Does the season in which you are born affect you or are all seasons pretty equal? It turns out that there are many ways in which the your child's birth season could give you an insight into things to come. Whether you are expecting a baby in the next…
By Shari Maurer

Kids Will Love These TV Shows & Movies Coming To Netflix In April

It's that time of the month again: as March draws to a close, Netflix gets ready for a little bit of spring cleaning. Though some TV shows and movies will have to find homes elsewhere, their departure makes room for all kinds of exciting new media. A…
By Megan Walsh

I'm A Stay-At-Home Mom &, Face It, These 11 Stereotypes Are Totally True

Hello, friends! It's me, your resident stay-at-home mom. You know, there's a lot that's said about me and my kind, and the vast majority of it is not even remotely true. For example, this whole "we're lazy, vapid, unambitious, anti-feminist, backstab…
By Jamie Kenney

The Pressure To Worry About The Gap Between Kids Is So Bad For Moms

"Two under two is absolutely crazy," a friend recently told me upon hearing the news that I was expecting a second child. "Why would you do this to yourself? Seriously, why?" However harsh her words, she was only echoing the same feelings I'd been ba…
By Marie Southard Ospina

To Be Honest, I Couldn't Survive Motherhood Without My Job

The decision to work outside the home once you've become a parent can be a complicated one. Some people don't really have a choice, and go back to work because they're either a single parent or can't sustain their family on one income. Some choose to…
By Priscilla Blossom

I Feel Guilty That My Kid’s Dad Is A Better Parent Than Me, & That’s BS

I was scared, and he was sure. I was clueless, and he was well-researched. I was making mistakes, and he was picking up the pieces. From the moment I found out I was pregnant until just last night, when I threw my hands up in the air and left the alw…
By Danielle Campoamor

These Millennial Parents Are Taking Gender-Neutral Parenting To An Entirely New Level

A woman on the subway looks at my bulbous shape and asks, “What are you having?” I take a deep breath and throw a glance to my 5-year-old. “I’m having a baby,” I say to the woman. “No, no” the woman says laughing as she pushes further. “Are you havin…
By Madison Young

My Daughter Is Obsessed With Being "Pretty" & I'm Way Past Terrified

Last week, when I picked up my daughter after school, she immediately wanted to know if I liked her hair. "Is it pretty?" she asked. Her hair was pulled up into two ponytails that were intertwined into thick, long braids. A shimmering pink and purple…
By Dina Leygerman

7 Things No One Tells You About Having A Baby In Your 20s, But I Will

I was 24 when I found out I was pregnant with my daughter. The pregnancy was a surprise, since I was on birth control (side note: antibiotics and birth control don't mix), but my partner and I decided to continue with the pregnancy and committed to m…
By Candace Ganger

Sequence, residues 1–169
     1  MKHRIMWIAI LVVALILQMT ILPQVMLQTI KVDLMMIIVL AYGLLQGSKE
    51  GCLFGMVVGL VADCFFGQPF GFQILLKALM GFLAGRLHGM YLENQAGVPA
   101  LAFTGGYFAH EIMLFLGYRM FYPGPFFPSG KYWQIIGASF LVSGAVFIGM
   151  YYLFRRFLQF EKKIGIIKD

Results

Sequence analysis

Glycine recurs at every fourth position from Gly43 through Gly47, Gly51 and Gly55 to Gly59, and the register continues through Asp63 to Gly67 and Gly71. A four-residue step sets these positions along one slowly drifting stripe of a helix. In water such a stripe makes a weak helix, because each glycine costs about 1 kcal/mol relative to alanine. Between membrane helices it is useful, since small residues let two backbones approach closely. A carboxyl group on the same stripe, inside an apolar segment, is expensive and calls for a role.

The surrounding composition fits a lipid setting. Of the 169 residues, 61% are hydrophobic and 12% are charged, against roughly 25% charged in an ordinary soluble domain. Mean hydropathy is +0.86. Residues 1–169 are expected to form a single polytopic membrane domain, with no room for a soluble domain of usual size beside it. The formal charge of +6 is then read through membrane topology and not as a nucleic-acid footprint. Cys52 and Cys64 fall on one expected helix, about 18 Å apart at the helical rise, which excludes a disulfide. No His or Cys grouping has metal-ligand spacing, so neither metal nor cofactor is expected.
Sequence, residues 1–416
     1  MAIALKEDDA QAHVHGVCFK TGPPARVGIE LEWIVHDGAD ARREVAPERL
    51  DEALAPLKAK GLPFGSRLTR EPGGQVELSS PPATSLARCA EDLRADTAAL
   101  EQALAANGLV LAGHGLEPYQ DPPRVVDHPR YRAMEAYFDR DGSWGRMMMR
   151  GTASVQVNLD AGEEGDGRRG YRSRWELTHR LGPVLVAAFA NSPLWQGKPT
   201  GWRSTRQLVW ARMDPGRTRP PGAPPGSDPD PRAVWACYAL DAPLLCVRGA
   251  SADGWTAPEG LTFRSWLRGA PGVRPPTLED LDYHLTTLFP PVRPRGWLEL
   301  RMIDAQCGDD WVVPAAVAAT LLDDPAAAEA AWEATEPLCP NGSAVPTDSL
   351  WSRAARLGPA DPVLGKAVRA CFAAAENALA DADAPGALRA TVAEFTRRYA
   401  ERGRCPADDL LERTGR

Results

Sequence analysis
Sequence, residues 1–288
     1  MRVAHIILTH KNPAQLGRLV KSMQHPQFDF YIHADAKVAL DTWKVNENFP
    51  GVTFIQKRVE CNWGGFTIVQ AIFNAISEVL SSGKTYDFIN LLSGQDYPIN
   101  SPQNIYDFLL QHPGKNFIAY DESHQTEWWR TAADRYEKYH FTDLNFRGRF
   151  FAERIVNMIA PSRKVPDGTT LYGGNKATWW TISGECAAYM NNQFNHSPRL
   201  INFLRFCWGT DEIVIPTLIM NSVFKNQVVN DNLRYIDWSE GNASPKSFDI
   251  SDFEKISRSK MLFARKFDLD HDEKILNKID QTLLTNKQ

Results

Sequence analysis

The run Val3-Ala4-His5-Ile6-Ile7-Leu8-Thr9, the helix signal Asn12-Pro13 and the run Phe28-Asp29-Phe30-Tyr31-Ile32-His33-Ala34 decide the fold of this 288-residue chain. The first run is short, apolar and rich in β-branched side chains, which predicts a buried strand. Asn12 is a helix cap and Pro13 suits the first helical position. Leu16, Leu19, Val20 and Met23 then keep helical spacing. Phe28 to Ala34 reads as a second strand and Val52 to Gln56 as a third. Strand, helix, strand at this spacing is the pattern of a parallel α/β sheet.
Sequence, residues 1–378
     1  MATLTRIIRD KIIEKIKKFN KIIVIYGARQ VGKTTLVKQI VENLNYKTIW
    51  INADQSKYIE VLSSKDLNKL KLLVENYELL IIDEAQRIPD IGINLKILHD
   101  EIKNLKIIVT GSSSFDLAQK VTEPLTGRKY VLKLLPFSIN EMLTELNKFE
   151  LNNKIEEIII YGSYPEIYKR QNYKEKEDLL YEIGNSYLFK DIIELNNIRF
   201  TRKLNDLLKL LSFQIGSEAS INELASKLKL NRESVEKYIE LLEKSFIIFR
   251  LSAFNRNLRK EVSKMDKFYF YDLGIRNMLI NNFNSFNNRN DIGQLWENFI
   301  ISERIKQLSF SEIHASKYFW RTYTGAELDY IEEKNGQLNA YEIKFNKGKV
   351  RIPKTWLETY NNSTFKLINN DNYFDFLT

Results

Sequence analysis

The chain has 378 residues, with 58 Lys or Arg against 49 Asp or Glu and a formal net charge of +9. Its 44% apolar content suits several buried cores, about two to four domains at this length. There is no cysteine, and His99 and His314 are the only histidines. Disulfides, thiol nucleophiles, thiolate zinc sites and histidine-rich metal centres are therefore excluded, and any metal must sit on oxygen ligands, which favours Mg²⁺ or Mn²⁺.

7 Things I Wish My Partner Had Said To Me In The First Hour After Giving Birth

I don't know if it was the buzz of the surrounding machines, the non-existent cry of our son as the doctors tried to resuscitate him, or the fact that I'd already been through labor and delivery once before, but I knew something was missing after I h…
By Candace Ganger

Moms’ Groups Weren’t For Me, Sorry

I go to my moms’ club everyday of the week, but not usually on weekends. My moms' group is a place I can always count on finding fellow mothers who understand the daily struggles and triumphs of parenthood and of juggling life’s responsibilities. Dep…
By Samantha Taylor

I've Had 3 Miscarriages But *Please* Keep Telling Me About Your Pregnancy

I can feel the tension the moment my friend announces her pregnancy. I can hear the forced nonchalant attitude she's willing herself to exude as she fishes for the ultrasound. I know why I was the last to learn that she was expecting; why she keeps l…
By Danielle Campoamor

7 Early Signs You're Going To Need An Epidural, According To Experts

Even if you've constructed an elaborate birth plan, it's impossible to control every aspect of labor and delivery. Complications can occur, proactive measures might be necessary, and your mind is subject to change when those damn contractions really …
By Candace Ganger

11 Essential Products To Pack In Your Hospital Bag, According To OB-GYNs

The minute you go into labor (or think you're going into labor), chaos ensues. You and your partner are likely to get a little frantic, just like in the movies, so you most definitely want to have a hospital bag packed before the day comes. This prec…
By Abi Berwager Schreier

7 Photos You *Must* Take In The First 6 Months Of Motherhood

In my experience, becoming a mom is like becoming an amateur photographer. There's just something about the need to capture every single coo and sorta-smile that leaves you obsessed with all things photography. I know I couldn't stop taking selfies w…
By Candace Ganger